Colorists always have masks, mattes, power windows, custom shapes or whatever they called in their toolkit.
well, so far this is great - it has shown that my selected workflow has a few issues, and that we might not need to do "As much" work so early on in the workflow as I thought. If I can get the shots and elements to match within a scene, using the AE tools I mentioned above, and the output is still a rather "flat" image (having originated from RAW footage), I can use the AE color management tab when interpreting the footage to perform a "Light look" by setting the white point, the ISO and thats about it. Once this is done, per footage element, I can take it through the process of matching the elements, and rendering out my JPEG2000 intermediates, with the comfort and knowledge that once the project episode is complete, and edited into a complete sequence, we can take that sequence to something like speedgrade and bring the nicwer colour out at that stage.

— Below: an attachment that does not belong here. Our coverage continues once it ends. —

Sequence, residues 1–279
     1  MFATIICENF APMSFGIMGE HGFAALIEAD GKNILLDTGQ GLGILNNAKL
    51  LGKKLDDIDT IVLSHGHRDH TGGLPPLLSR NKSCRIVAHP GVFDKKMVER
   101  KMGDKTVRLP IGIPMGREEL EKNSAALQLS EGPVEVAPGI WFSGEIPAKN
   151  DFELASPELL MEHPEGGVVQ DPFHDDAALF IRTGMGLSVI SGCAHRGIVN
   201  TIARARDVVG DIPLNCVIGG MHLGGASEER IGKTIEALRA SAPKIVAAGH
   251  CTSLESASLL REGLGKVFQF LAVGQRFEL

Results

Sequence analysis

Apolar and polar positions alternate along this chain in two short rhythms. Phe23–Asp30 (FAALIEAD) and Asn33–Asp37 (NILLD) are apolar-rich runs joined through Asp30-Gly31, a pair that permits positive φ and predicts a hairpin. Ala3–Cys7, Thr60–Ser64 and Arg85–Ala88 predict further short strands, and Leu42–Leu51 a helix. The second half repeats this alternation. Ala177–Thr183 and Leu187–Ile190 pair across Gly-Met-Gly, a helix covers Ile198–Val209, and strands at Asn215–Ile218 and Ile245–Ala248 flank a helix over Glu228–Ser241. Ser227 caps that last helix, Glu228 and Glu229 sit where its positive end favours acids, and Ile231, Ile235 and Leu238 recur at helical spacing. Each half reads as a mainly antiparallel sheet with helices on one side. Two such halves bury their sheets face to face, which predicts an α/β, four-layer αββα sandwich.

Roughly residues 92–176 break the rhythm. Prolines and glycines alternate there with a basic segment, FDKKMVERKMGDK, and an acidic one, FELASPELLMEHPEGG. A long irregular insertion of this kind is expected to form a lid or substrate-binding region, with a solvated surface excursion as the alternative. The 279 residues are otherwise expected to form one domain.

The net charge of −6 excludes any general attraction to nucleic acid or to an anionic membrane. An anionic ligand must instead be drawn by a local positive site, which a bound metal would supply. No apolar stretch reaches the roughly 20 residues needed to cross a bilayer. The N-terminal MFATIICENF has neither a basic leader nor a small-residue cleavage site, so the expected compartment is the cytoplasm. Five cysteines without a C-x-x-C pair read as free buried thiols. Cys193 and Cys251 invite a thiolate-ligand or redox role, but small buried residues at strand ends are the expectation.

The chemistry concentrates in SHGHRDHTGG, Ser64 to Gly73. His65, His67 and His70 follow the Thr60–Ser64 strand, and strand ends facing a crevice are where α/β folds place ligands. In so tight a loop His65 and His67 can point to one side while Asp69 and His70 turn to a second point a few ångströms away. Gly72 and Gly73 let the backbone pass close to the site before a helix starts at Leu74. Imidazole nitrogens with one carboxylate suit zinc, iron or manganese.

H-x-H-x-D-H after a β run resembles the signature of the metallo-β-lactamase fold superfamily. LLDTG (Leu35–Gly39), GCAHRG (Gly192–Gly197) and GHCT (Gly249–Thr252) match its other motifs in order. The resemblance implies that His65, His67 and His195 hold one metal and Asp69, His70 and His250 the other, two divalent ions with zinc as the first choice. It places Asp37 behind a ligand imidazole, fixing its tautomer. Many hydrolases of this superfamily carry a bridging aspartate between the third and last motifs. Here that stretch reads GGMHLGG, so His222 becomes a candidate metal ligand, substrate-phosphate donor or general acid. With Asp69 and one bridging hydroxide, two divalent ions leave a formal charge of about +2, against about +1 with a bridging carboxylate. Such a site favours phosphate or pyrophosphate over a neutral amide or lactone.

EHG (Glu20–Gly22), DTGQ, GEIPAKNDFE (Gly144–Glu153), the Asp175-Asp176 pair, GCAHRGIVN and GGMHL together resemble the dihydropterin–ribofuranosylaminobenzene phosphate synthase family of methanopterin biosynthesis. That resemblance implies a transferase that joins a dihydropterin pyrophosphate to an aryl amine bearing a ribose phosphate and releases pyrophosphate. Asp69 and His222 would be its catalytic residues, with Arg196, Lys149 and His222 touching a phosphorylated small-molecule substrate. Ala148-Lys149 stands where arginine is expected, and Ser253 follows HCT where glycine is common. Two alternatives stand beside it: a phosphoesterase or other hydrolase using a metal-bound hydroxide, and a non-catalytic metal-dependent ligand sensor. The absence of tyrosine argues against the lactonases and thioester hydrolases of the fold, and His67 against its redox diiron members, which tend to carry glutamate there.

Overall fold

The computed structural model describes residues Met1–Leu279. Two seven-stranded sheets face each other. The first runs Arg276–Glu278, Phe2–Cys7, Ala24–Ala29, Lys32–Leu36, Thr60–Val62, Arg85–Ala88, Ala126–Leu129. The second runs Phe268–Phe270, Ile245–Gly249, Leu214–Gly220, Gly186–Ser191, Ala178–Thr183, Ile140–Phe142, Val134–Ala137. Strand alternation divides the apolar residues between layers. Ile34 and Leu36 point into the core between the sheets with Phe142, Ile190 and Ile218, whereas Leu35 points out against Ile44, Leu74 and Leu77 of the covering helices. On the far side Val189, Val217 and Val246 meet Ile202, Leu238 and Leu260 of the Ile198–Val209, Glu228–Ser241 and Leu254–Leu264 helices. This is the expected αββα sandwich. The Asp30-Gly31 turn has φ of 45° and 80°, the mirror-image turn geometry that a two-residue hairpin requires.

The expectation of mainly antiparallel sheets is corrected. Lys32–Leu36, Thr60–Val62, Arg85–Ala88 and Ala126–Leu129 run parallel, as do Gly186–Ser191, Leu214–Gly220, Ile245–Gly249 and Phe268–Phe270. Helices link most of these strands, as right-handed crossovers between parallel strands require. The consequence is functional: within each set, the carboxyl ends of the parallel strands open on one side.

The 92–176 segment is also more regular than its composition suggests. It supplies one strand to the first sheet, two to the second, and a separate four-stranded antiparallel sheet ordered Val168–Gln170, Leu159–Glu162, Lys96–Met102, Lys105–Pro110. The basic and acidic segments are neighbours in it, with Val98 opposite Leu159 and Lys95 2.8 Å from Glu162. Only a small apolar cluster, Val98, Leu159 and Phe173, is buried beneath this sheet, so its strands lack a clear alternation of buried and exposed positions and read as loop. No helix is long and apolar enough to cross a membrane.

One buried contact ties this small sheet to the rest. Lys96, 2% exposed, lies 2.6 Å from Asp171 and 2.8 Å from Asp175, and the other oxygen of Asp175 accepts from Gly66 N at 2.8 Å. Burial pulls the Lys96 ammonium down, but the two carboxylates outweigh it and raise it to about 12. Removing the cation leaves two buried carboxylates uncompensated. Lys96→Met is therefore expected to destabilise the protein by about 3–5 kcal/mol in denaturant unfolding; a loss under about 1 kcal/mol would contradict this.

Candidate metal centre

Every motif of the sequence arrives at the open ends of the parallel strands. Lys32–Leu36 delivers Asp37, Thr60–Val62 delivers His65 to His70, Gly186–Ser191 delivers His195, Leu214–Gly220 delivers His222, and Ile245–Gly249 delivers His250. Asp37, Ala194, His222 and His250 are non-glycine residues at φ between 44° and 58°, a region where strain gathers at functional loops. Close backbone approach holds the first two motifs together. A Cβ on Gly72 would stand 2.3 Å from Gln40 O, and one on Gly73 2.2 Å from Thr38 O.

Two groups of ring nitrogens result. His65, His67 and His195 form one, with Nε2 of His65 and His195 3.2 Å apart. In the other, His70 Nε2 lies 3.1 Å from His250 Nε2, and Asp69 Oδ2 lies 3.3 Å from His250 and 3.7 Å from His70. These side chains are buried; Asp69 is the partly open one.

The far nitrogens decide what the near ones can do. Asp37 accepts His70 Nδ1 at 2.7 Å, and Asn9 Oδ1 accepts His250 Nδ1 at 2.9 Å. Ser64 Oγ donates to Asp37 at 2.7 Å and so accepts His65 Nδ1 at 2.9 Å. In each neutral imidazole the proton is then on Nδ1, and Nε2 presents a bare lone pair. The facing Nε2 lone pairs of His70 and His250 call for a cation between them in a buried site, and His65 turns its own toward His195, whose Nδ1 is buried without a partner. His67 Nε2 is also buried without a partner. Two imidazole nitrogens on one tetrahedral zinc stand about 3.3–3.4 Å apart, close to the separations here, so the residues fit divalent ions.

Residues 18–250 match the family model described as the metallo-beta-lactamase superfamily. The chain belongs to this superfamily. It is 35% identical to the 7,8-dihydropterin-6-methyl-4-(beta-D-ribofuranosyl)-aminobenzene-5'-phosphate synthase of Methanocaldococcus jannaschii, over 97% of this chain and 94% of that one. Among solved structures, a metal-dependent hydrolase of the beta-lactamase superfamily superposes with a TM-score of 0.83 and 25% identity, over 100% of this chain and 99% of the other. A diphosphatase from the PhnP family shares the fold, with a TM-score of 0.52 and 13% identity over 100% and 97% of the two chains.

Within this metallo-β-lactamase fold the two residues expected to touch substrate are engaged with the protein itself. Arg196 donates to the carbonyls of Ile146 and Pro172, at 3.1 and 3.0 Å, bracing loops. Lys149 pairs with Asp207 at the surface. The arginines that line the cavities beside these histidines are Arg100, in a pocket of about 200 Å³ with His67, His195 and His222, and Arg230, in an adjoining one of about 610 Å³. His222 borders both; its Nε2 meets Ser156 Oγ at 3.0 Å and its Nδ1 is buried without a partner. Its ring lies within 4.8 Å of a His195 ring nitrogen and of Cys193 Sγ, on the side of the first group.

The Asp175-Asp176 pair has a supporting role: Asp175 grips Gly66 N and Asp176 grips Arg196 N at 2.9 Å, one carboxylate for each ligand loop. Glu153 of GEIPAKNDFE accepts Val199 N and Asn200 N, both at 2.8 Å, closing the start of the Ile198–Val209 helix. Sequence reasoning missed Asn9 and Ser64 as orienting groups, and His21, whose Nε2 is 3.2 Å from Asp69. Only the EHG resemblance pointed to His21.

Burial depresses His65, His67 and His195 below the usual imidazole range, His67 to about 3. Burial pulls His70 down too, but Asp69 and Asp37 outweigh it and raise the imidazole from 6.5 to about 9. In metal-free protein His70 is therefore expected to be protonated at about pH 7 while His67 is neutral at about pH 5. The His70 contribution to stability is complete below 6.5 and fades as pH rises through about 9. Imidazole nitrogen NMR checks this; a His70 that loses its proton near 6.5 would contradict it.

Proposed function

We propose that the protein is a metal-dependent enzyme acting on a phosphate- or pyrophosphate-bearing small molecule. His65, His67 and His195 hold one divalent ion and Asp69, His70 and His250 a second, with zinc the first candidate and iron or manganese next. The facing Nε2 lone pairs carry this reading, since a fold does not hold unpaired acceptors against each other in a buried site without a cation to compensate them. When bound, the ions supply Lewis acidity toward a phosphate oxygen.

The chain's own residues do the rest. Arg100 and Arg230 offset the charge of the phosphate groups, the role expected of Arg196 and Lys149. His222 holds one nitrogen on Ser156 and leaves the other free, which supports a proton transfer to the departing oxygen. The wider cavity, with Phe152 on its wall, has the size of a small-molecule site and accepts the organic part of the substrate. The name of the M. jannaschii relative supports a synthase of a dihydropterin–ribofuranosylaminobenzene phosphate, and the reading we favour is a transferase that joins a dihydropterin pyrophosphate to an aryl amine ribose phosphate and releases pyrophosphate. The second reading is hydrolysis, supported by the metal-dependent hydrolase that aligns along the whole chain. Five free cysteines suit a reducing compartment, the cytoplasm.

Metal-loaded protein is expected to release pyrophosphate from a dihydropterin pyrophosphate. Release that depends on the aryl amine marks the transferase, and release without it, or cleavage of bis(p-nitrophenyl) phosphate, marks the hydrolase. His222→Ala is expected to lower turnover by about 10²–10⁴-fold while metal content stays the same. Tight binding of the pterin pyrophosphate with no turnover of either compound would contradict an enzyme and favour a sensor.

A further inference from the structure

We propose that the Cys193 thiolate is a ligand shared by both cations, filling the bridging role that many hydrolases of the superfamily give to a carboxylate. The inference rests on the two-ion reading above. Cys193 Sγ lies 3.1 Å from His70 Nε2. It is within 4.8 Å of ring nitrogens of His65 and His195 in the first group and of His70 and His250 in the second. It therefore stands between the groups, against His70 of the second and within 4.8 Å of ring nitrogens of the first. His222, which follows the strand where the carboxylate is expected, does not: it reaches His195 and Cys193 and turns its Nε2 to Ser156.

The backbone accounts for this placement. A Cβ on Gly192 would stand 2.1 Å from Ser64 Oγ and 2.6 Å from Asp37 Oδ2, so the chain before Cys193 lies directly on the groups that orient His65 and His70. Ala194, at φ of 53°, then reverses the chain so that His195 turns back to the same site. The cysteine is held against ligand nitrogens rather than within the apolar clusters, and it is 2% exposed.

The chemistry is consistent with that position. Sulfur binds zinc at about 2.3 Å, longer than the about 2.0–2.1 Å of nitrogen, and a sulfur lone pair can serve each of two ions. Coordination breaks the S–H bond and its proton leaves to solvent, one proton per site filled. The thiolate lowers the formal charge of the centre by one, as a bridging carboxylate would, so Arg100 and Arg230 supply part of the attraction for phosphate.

Does that sound right?
Does that sound right?
Yes, it does. Aside from the fact it is just one of sound scenarios. In real life projects resourses can be allocated in various ways and performing tasks may overlap or go in parallel, not just sequentially.
The most important thing to do is to create a looks or color bible. Take a few shots and grade them through what you think will be the final, then flatten that a bit so that you have room in final color grading to make more corrections. Publish this color bible and have it available online for everyone that has anything to do with the production from the filming, to the model making, to the compositing. Without an approved and locked color bible for your project you're headed for a headache.
Thank you for the advice. I agree that it is a good idea to get the specific ships and sets graded as early as possible into the workflow, and that way, come to an agreement of what we are working towards.
Please can you explain what you meant by this?
Rick Gerard wrote:
"then flatten that a bit so that you have room in final color grading to make more corrections"
What does "Flatten" mean exactly?